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I'm building a realtime stats application using NodeJs. For the prototype I'm using a Quad-Core AMD Opteron in a RackSpace server for the test with a nodejs server using the Cluster NodeJs ( http://learnboost.github.com/cluster/ ) and the MongoDb using the native nodejs driver.

Basically I've inserted a JS code in my company project that delivers content for a bunch of client's websites. This code "pings" my server each 10seconds calling for a image and passing parameters that I get in the server-side and insert ( or update ) in a MongoDb collection. In a "slow" time of the day I get about 3000 connections ( I get these using the netstat -natp command on terminal) each time that makes my cluster use about 25% of each core ( I get these using the "top" command ). But in a "busy" hour I get about 7000+ connections each time what makes my cluster go crazy ( about 80%+ use of each core ), and it seems that as the time goes by, the node degrades. Is this normal? Or should Nodejs handle these hits in a more "easy" way? If I use Mongoose, the performance can increase?

In case you are curious about the MongoDb it uses about 4% of one core, which is fine by me ( without putting a index the use was about 50%+ but, at least, the index solved this performance problem ).

Thanks a lot for the patience, Cheers.

Edit:

The code that makes the insert looks like this: db.open(function(err, db) { });

return connect.router(function(app){
    app.get("/pingserver/:clientid/:event/:cachecontrol", function(req, res, next){
    event:'+req.params.event + ', cachecontrol:' + req.params.cachecontrol);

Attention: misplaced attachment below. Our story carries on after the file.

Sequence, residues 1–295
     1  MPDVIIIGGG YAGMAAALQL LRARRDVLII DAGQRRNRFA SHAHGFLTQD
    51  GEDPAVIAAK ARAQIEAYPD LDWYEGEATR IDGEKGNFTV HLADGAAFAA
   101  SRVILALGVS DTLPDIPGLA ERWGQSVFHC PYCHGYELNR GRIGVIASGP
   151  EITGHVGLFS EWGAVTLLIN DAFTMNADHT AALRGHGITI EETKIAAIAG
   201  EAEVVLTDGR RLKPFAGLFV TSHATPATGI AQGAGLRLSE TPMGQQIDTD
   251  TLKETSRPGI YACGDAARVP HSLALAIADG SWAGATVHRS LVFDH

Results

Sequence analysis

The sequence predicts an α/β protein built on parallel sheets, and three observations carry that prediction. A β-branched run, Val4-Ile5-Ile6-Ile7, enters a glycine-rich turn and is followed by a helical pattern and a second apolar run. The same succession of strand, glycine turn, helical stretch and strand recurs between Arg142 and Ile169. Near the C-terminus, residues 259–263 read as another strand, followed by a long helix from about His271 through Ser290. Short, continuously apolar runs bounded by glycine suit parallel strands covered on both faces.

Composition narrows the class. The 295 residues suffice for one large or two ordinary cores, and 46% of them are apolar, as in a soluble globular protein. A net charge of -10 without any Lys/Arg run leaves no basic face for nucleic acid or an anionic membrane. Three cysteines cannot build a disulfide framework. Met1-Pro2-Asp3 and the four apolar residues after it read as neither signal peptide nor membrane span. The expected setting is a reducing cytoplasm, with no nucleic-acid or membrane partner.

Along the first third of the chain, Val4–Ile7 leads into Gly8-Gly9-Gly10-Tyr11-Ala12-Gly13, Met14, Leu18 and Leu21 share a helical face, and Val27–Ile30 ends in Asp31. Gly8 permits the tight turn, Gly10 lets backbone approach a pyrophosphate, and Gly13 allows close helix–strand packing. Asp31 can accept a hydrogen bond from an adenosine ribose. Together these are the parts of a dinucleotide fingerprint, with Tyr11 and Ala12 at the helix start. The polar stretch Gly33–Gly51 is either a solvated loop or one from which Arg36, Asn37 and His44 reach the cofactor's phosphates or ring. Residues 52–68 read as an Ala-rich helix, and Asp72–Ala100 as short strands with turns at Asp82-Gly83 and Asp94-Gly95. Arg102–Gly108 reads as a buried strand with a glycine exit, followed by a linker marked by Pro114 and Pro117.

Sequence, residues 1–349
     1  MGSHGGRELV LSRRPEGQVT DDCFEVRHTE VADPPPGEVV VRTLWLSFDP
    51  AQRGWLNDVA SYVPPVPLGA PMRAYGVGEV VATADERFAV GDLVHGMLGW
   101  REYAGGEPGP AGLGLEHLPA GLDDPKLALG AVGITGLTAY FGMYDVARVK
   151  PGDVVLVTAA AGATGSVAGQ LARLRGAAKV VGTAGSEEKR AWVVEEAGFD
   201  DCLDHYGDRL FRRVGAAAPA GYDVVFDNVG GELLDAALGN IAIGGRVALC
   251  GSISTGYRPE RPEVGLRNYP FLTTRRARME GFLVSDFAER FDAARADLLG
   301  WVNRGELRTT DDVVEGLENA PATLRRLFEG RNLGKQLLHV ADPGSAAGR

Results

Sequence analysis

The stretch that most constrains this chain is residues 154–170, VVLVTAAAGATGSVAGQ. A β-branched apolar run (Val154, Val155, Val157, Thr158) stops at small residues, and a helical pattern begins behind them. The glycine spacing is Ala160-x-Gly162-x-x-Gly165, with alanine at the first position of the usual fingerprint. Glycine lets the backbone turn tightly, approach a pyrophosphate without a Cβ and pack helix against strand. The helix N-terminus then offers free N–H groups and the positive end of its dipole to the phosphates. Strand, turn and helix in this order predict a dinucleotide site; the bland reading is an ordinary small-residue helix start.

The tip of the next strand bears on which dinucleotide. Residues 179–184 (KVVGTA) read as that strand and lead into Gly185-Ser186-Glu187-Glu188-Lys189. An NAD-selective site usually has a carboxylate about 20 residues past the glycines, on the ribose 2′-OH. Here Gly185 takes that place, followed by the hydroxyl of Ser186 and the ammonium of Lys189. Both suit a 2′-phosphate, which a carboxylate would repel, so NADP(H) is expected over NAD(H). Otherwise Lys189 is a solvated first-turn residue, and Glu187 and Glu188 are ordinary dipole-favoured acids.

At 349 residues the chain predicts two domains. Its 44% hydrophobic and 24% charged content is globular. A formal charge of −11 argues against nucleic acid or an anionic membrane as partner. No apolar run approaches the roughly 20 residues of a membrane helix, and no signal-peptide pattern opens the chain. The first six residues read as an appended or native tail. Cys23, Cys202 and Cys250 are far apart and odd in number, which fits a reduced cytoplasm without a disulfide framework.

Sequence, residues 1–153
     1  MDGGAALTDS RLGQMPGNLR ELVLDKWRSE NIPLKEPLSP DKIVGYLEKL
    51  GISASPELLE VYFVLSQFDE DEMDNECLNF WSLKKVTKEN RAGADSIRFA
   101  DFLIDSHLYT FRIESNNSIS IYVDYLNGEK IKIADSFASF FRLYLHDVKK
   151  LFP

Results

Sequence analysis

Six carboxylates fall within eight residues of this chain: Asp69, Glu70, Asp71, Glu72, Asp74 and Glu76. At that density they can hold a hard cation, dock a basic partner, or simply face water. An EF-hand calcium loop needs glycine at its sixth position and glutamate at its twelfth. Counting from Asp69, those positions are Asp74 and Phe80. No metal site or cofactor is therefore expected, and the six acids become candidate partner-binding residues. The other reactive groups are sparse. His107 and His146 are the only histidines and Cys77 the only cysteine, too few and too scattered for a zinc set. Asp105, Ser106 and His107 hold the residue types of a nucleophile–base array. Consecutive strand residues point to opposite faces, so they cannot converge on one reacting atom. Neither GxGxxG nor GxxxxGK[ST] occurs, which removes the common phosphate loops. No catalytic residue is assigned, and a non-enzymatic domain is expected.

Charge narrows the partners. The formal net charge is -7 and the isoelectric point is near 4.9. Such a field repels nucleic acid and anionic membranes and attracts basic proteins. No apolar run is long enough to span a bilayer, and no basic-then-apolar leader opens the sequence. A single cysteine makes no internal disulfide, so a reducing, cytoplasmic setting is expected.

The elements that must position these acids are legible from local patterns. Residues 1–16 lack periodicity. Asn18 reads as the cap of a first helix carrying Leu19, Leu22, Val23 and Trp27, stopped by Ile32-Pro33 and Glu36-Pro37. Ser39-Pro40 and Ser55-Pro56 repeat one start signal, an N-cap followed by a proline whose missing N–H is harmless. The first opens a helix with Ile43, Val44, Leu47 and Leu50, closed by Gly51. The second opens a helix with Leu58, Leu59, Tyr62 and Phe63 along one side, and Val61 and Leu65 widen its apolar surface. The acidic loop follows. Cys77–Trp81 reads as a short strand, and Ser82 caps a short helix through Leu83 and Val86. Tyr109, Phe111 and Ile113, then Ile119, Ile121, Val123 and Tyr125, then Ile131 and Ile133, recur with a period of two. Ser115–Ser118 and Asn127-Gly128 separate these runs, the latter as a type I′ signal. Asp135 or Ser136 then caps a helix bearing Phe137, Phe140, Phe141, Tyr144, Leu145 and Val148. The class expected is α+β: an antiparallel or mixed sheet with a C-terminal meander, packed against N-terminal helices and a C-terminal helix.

var timestamp = new Date(); 
          switch(req.params.event) {
          case 'load':
              var params = url.parse(req.url, true).query;

              db.collection('clientsessions', function(err, collection)         {
                try {

                    var client = {
                        id: req.params.clientid,
                        state: req.params.event + 'ed',
                        loadTime: timestamp.getTime(),
                        lastEvent: req.params.event,
                        lastEventTime: timestamp.getTime(),
                        lastEventDate: timestamp.toString(),
                        events: [{
                            event: req.params.event,
                            timestamp: timestamp.getTime(),
                            date: timestamp.toString()
                        }],
                        media: {
                            id: params.media.split('|')[0] || null,
                            title: unescape(params.media.split('|')[1]) || null
                        },
                        project: {
                            id: params.project.split('|')[0] || null,
                            name: unescape(params.project.split('|')[1]) || null
                        },
                        origin: req.headers['referer'] || req.headers['referrer'] || '',
                        userAgent: req.headers['user-agent'] || null,
                        userIp: req.socket && (req.socket.remoteAddress || (req.socket.socket && req.socket.socket.remoteAddress)),
                        returningUser: false
                    };
                }catch(e) {console.log(e);}       
                 collection.insert(client, function(err, doc) {
                 });
              });
              break;

          case 'ping':
              db.collection('clientsessions', function(err, collection) {
                  collection.update({id: req.params.clientid}, { 
                                                     $set : { lastEvent: req.params.event 
                                                             ,lastEventTime: timestamp.getTime(),lastEventDate: timestamp.toString()}